Emma Hitt, PhD

May 22, 2012

May 22, 2012 (Florence, Italy) — In patients with Prader-Willi syndrome (PWS), the use of growth hormone can increase the risk for insulin resistance, regardless of body mass index (BMI), according to a prospective 1-year study.

Anders Palmstrøm Jørgensen, MD, from the Department of Endocrinology at the Oslo University Hospital in Norway, and colleagues presented the findings here at the Joint 15th International Congress of Endocrinology and 14th European Congress of Endocrinology.

"There are only a few studies published on this topic, and our results add some new information — normal-weight PWS subjects, not only the obese, develop insulin resistance with growth hormone therapy," Dr. Jørgensen told Medscape Medical News.

According to the researchers, diabetes mellitus is prevalent in adults with PWS, and growth hormone therapy might deteriorate glucose balance.

To investigate this issue, the researchers evaluated the effects of growth hormone over the course of 12 months in 35 patients with PWS, assessing parameters such as body composition, insulin resistance, and BMI.

Average age of the patients was 28.5 years, and PWS was confirmed with genetic testing. Patients with diabetes at baseline were excluded from the study. Of the patients, 14 had a BMI below 25 kg/m², 10 had a BMI from 25 to 30 kg/m², and 11 had a BMI above 30 kg/m².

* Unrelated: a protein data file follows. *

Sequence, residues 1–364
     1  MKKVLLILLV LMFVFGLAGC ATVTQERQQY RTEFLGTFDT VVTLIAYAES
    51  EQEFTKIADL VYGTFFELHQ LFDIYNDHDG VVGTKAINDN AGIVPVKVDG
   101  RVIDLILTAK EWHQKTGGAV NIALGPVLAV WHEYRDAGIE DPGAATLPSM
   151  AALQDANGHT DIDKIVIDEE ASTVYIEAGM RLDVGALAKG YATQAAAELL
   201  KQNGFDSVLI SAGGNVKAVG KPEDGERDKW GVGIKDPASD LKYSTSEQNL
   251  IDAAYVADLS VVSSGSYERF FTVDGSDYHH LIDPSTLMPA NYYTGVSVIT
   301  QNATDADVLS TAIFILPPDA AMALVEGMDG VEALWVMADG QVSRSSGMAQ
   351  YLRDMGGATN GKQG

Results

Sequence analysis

Growth hormone was associated with significant increases in insulin-like growth factor 1 (IGF1), lean mass, 2-hour postprandial glucose, and homeostasis model assessment of insulin resistance (HOMA-IR) (P < .05 for all), and a decrease in fat mass (P < .02).

Although baseline IGF1 was lower at baseline in patients with the lowest BMI, final mean growth hormone dose and IGF1 levels did not differ among the BMI groups.

"A reduction in fat mass was seen only with [a BMI of 25 to 30 kg/m²]...and HOMA-IR increased in the lowest BMI group only," the researchers note.

According to Dr. Jørgensen, the long-term effects of growth hormone therapy on the prevalence of diabetes in adults with PWS remain to be determined. "Clinicians should be aware of the risk of diabetes when treating adult Prader-Willi subjects," he said.

The biochemical/metabolic disturbance regulated by the genetic defect of PWS remains, regardless of the presence or absence of weight, so the findings are not surprising, said Merlin G. Butler, MD, PhD, clinical geneticist and director, the Division of Research Professor of psychiatry, behavioral sciences, and pediatrics at the Kansas University Medical Center in Kansas City, who was asked to comment on the study.

"In addition, even though the weight of a PWS adult may be normalized, the body composition may continue to be disturbed — that is, the fat/mass ratio is not normalized, compared with controls," he told Medscape Medical News.

However, he pointed out that the findings illustrate that at any particular time in the life of an individual with PWS, "they are at risk of complications or outcomes of treatment in spite of their weight."

"When managing and caring for our patients, we must not lose sight of the diagnosis of PWS, regardless of a patient's weight, and complications and health-related issues related to the diagnosis," he said.

The study was investigator initiated and commercially funded by Novo Nordisk. Dr. Jørgensen and Dr. Butler have disclosed no relevant financial relationships.

Joint 15th International Congress of Endocrinology (ICE) and 14th European Congress of Endocrinology (ECE): Abstract OC1.6. Presented May 7, 2012.


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